However, the fabulous residents of this home came out and treated Chris and me as though we were royal guests, with cold drinks, fabulous conversation and very encouraging affirmations.  Our heart-felt thanks goes out to Rudy Mikula and his wife Jackie Montejano.  They really made us welcome.

After three hours, I decided that I had gone about as far as I could with this one.  With cooler temperatures, a more comfortable stool (and minus all that flurry of morning activity!) perhaps I could have given this a couple more hours of scrutiny.  I thoroughly enjoyed working on it.  But alas, the fatigue factor.  I rose at 7:00 this morning, and now sit here at 7:41 this evening, totally whipped.  I can hardly see to type this.

Thanks for reading.  I can’t wait for tomorrow!  I’ll post faithfully every day as I continue this Historic Waxahachie Paint Out.

Waxahachie Quick Draw and Auction, May 29, 2010

May 29, 2010

Waxahachie Sunlight

The Quick Draw event is now in the books.  I was satisfied with this 90-minute watercolor sketch, 9 x 12″.  It sold at auction for $60.  I guess there are more dishonest ways to make money!  I laughed in spite of myself as I made a few bloopers, trying too hard and working too fast.  I could hear the growling, muttering voice of Cezanne–“composition off, colors wrong, errant hand!”  Ten minutes into this project, the sun found me.  I should have done a better job spotting the sun and shade tree above me.  I had not idea that I was positioned to lose my shade so fast.  So I sweltered through this whole thing.  Glad I brough the sun block.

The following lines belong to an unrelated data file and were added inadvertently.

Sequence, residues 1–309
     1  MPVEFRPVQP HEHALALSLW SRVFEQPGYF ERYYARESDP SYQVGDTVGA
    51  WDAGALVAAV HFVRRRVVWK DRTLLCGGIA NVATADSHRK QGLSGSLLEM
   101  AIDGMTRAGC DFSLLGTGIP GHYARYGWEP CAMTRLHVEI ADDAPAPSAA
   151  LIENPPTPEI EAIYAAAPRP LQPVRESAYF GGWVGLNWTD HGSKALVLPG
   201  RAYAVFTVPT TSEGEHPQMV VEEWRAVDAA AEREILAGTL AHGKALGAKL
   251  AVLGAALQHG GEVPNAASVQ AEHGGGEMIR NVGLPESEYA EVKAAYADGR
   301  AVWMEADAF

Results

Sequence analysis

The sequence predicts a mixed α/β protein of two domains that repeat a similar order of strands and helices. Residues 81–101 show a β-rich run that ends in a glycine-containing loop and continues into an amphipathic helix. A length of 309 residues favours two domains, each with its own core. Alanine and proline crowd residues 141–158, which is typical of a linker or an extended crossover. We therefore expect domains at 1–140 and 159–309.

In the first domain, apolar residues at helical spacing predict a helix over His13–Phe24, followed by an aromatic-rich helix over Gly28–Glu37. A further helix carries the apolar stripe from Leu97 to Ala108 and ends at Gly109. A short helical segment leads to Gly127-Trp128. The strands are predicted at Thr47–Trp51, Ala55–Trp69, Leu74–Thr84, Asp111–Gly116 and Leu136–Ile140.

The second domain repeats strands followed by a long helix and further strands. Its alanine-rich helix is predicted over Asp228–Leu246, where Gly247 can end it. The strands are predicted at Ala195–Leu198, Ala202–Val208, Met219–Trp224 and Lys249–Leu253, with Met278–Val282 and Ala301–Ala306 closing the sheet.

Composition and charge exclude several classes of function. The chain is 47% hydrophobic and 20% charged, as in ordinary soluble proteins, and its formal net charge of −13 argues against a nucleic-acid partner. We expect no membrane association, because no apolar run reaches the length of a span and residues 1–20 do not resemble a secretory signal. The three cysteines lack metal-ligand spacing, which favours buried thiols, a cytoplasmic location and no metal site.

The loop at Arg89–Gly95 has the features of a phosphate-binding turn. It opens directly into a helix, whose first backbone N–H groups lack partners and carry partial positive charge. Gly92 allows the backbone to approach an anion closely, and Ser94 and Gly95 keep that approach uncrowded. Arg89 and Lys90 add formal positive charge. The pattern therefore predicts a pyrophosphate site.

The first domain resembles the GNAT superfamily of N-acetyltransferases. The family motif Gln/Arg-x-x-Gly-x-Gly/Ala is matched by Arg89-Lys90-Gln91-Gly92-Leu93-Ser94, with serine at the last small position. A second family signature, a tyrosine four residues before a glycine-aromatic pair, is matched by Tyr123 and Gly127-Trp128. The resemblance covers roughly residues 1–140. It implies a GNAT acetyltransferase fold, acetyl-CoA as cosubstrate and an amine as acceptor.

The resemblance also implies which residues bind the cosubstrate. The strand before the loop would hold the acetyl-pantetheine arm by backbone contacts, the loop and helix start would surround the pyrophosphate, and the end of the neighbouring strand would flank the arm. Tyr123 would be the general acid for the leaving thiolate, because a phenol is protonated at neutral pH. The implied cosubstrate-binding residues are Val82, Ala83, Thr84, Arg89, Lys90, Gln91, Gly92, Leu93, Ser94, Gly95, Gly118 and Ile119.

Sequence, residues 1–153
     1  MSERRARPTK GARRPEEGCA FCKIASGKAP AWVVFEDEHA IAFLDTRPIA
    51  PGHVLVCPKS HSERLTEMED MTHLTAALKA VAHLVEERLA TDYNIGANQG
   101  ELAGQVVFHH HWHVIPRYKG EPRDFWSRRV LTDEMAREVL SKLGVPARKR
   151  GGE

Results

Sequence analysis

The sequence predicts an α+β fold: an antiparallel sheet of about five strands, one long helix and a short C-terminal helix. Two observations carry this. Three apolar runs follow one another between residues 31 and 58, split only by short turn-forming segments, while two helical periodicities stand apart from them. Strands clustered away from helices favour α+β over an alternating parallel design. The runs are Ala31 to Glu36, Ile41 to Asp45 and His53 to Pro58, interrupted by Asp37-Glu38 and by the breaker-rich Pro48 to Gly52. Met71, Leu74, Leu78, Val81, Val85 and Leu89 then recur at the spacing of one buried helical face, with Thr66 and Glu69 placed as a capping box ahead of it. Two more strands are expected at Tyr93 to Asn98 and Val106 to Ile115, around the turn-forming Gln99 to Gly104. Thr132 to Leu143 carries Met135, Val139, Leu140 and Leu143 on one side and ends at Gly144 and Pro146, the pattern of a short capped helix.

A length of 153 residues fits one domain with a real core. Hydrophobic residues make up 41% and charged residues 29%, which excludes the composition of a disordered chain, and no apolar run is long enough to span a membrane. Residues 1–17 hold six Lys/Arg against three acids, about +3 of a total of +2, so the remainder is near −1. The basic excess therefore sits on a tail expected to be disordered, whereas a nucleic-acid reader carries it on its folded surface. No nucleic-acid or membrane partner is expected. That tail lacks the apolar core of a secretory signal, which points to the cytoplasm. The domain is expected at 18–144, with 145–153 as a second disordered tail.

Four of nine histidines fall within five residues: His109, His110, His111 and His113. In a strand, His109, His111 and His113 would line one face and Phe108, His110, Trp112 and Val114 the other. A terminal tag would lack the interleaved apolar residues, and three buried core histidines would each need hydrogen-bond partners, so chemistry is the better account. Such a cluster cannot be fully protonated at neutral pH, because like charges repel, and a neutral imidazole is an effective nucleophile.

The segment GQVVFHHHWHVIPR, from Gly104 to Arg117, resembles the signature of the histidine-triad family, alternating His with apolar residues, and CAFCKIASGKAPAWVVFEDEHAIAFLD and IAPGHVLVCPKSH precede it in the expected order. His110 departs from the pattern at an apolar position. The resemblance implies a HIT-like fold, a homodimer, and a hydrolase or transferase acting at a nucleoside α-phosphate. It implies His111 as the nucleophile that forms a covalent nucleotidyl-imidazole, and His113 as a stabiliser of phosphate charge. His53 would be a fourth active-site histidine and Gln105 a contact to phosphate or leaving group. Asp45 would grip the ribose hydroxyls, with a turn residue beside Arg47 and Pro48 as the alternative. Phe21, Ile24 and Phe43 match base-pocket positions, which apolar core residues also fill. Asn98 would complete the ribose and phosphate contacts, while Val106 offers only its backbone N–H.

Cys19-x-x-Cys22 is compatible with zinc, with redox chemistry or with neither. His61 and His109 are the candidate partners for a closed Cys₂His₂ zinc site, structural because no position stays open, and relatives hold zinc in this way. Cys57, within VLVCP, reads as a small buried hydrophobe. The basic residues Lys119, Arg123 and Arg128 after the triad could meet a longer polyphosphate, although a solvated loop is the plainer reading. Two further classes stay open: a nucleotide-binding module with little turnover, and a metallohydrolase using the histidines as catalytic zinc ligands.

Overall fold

Fifty-five artists have registered for the Paint Historic Waxahachie event, which will last until next weekend.  I’m pretty beat right now, but hopefully will get enough quality sleep tonight to rise early and hit it again in the morning.

Thanks for reading.

Ted Clemens, Waxahachie oil plein air, May 28, 2010

May 28, 2010

Ted Clemens Waxahachie

Ted Clemens of Saxie, Texas is an amazing oil painter.  I had to capture this plein air sketch he was doing at the Waxahachie town square.  I have found the Ellis County Courthouse an absolute monster to paint, but watching what Ted managed to capture on this day in the fading late afternoon light made my mouth water.  I’ve waited a year to see his work, and cannot wait to watch it unfold during this next week.

Thanks for reading.

2nd Place, Watercolor, Desoto Art League, May 28, 2010

May 28, 2010

Route 66 Memories

Tonight I won 2nd place in the watercolor division of the Desoto Art League annual juried show.  This gas station I found in Claude, Texas.  The Studebaker was abandoned in New Mexico.  The genre of this piece reflects a theme I followed for about a decade–memories of places long since abandoned.

First Waxahachie Plein Air attempt, May 28, 2010